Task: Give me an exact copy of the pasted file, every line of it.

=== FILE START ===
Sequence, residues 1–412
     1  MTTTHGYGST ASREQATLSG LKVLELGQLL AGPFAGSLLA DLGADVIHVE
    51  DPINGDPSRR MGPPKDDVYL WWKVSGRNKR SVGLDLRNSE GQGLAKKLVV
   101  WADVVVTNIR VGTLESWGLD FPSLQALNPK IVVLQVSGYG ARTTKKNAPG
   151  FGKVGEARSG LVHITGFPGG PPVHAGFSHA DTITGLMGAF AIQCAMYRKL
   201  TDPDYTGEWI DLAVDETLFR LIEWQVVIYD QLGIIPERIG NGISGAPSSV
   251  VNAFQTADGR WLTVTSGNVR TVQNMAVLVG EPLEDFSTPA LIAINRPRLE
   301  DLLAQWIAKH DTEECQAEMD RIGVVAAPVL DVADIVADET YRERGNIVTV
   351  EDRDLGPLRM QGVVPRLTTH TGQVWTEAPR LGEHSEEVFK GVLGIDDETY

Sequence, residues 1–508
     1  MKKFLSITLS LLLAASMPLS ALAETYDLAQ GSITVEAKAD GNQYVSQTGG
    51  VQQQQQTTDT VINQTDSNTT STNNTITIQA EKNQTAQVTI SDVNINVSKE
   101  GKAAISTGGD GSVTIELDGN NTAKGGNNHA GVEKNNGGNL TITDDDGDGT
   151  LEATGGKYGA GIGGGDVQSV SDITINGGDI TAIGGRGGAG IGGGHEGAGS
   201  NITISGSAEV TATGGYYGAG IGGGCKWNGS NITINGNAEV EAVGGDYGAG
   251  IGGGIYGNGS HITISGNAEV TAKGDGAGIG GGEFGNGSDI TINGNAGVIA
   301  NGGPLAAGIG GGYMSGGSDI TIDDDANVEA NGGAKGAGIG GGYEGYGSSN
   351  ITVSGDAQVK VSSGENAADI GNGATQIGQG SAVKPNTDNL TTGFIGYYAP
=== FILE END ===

Sequence, residues 1–412
     1  MTTTHGYGST ASREQATLSG LKVLELGQLL AGPFAGSLLA DLGADVIHVE
    51  DPINGDPSRR MGPPKDDVYL WWKVSGRNKR SVGLDLRNSE GQGLAKKLVV
   101  WADVVVTNIR VGTLESWGLD FPSLQALNPK IVVLQVSGYG ARTTKKNAPG
   151  FGKVGEARSG LVHITGFPGG PPVHAGFSHA DTITGLMGAF AIQCAMYRKL
   201  TDPDYTGEWI DLAVDETLFR LIEWQVVIYD QLGIIPERIG NGISGAPSSV
   251  VNAFQTADGR WLTVTSGNVR TVQNMAVLVG EPLEDFSTPA LIAINRPRLE
   301  DLLAQWIAKH DTEECQAEMD RIGVVAAPVL DVADIVADET YRERGNIVTV
   351  EDRDLGPLRM QGVVPRLTTH TGQVWTEAPR LGEHSEEVFK GVLGIDDETY

Sequence, residues 1–508
     1  MKKFLSITLS LLLAASMPLS ALAETYDLAQ GSITVEAKAD GNQYVSQTGG
    51  VQQQQQTTDT VINQTDSNTT STNNTITIQA EKNQTAQVTI SDVNINVSKE
   101  GKAAISTGGD GSVTIELDGN NTAKGGNNHA GVEKNNGGNL TITDDDGDGT
   151  LEATGGKYGA GIGGGDVQSV SDITINGGDI TAIGGRGGAG IGGGHEGAGS
   201  NITISGSAEV TATGGYYGAG IGGGCKWNGS NITINGNAEV EAVGGDYGAG
   251  IGGGIYGNGS HITISGNAEV TAKGDGAGIG GGEFGNGSDI TINGNAGVIA
   301  NGGPLAAGIG GGYMSGGSDI TIDDDANVEA NGGAKGAGIG GGYEGYGSSN
   351  ITVSGDAQVK VSSGENAADI GNGATQIGQG SAVKPNTDNL TTGFIGYYAP